"No, not the blues. Get up to the bow and look," Dixon orders. I see what he's seen: a school of stripers herding an enormous clot of rust-colored bay anchovies and rolling among them occasionally to gulp down mouthfuls. Bluefish are on the perimeter, picking off minnow stragglers. The surface is ripped to froth as the bass continue to roll up on the bait and gorge. I can see their eyes. The tension is incredible. "Now!" Dixon yells.

[pagebreak] I hook up instantly, then settle down for a long pull. My friend Charlie hooks up. A few yards off, a wave crests the transom of a boat that holds two men and a black Lab. Their tackle awash, the anglers begin to bail. A bluefish in their livewell flips out and swims upstream in the flooded cockpit. The dog barks madly as the men curse and dip water. I lean back against the striper that is still charging away from us. Surreal. The men finally get most of the water out of the boat, and the bluefish is recaptured. They grab rods and cast. They hook up. So do we, again and again. And then the bass are gone.

"We can hunt them," Dixon says, "or we can..."

"Albies," I insist.

** Just One More**
We are out in deeper water now, changed from Clousers to epoxy flies. The little tunnies were waiting. They surround us. We cast down and across current, strip twice and then set the hook. Here is none of the head thumping of bluefish or dogged runs of bass. With Albert, as false albacore are nicknamed, every inch of fly line on deck instantly vanishes. You maintain pressure with the rod to end the fight as quickly as possible, knowing that if you don't Albert will just circle out of reach until the lactic acid frothing through his body reaches a lethal level. You want to catch him, harness his energy for a time, but not kill him.

The water surface looks as if a hundred food blenders have spewed their contents all at once. We cast into blood slicks and trashed bait. The albies we boat spit anchovies. The blues go for our fingers, and the big stripers whap us with their tails or punch fin holes in our hands. The wind slams lead-eye flies into our heads and fly line cuts our fingers. And we love it all.

By the time the frenzy ends, no one remembers how many fish we've caught. We've drifted beneath the lighthouse. I lick my lips and taste salt, though whether from my own sweat or the spray, I can't tell. A moment's rest. Then there is a strange sound, the hiss that heavy wet snow makes when it hits water. In the shadows of the sheer cliffs we see bass coming. As they get closer the sound changes to that of hard pelting rain, and Dixon yells. The school splits around the boat and some of the fish are knocking into it, drumming down the fiberglass hull. This is too much. I flub my cast but recover quickly and the streamer lands somewhere out of sight behind a swell. Instantly I hook up, but almost as quickly as the rod jerks down, it springs back up. I look at Dixon and he winces.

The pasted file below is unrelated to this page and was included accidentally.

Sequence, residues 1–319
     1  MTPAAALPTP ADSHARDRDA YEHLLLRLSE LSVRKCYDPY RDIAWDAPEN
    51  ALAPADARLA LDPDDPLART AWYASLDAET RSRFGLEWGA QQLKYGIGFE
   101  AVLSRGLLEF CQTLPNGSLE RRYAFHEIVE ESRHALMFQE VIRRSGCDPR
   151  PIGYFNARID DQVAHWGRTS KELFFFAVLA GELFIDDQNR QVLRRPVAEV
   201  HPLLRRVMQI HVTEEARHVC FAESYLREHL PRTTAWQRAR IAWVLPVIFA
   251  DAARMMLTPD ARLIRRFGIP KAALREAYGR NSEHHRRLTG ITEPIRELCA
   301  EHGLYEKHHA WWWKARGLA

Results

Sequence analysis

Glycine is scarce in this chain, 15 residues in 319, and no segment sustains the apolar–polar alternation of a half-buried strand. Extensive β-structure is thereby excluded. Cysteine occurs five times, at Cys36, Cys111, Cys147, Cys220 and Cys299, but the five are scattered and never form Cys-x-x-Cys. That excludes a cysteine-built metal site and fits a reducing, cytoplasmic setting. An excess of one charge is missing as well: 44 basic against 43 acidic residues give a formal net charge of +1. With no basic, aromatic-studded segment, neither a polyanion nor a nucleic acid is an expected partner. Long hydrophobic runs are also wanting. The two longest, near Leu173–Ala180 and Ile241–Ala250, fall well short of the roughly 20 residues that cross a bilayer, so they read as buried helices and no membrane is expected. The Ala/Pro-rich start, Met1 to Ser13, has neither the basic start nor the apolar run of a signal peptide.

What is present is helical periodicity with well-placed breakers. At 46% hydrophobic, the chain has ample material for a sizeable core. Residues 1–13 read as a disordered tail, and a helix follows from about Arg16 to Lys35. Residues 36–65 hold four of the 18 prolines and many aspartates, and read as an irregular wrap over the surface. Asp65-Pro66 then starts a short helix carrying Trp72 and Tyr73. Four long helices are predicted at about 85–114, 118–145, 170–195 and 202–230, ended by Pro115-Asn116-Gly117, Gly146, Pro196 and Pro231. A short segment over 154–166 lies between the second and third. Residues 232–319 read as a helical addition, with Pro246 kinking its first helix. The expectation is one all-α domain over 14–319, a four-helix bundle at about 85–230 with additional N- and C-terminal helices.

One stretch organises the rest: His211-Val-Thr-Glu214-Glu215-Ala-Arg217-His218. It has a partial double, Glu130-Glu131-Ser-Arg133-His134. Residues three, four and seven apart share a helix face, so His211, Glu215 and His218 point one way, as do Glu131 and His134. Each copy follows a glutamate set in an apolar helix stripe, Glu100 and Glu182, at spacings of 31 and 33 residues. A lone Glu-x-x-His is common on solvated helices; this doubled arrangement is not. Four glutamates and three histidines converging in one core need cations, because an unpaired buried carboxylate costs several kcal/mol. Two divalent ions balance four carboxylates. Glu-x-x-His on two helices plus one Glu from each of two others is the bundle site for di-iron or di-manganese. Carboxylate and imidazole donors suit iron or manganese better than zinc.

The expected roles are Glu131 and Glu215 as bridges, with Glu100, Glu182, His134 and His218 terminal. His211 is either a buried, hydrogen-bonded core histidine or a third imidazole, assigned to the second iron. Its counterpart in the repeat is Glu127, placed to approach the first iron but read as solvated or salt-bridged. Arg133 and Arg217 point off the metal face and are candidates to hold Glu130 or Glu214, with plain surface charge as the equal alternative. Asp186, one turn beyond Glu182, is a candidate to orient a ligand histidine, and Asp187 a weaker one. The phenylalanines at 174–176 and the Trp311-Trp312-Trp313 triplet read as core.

[pagebreak] "Bluefish," Dixon sighs, and digs out another fly.

I locate a short wire tippet as Dixon looks sadly at the departing bass. In moments I bring in a blue. "Slam," Dixon says. "Three species, one day." And then Charlie slams.

The three of us look at one another. Our hands are red and slimy. The streaks of fish blood on our faces look like war paint. We are laughing like fools, but we don't have time for jubilation. The stripers come again. We clip off wire, retie and cast once more into the churning maelstrom of bait.

"Slam again," Dixon says after we release two more bass almost simultaneously. Then, as we round the point, I see spurting water. Albies are everywhere.

Dixon looks longingly at the departing bass. "You know, we really should have started in a while ago."

"But, ALBIES!" I shout euphorically.

"Okay, just one more," says Dixon.

Shrieking birds wheel over the albacore and mark their line of travel. A tiny shower of bait blows from the water, signalling the beginning of the assault. The fish close fast, and the splashing of their feeding seems even fiercer than before.

Just one more, indeed. limy. The streaks of fish blood on our faces look like war paint. We are laughing like fools, but we don't have time for jubilation. The stripers come again. We clip off wire, retie and cast once more into the churning maelstrom of bait.

"Slam again," Dixon says after we release two more bass almost simultaneously. Then, as we round the point, I see spurting water. Albies are everywhere.

Dixon looks longingly at the departing bass. "You know, we really should have started in a while ago."

"But, ALBIES!" I shout euphorically.

"Okay, just one more," says Dixon.

Shrieking birds wheel over the albacore and mark their line of travel. A tiny shower of bait blows from the water, signalling the beginning of the assault. The fish close fast, and the splashing of their feeding seems even fiercer than before.

Just one more, indeed.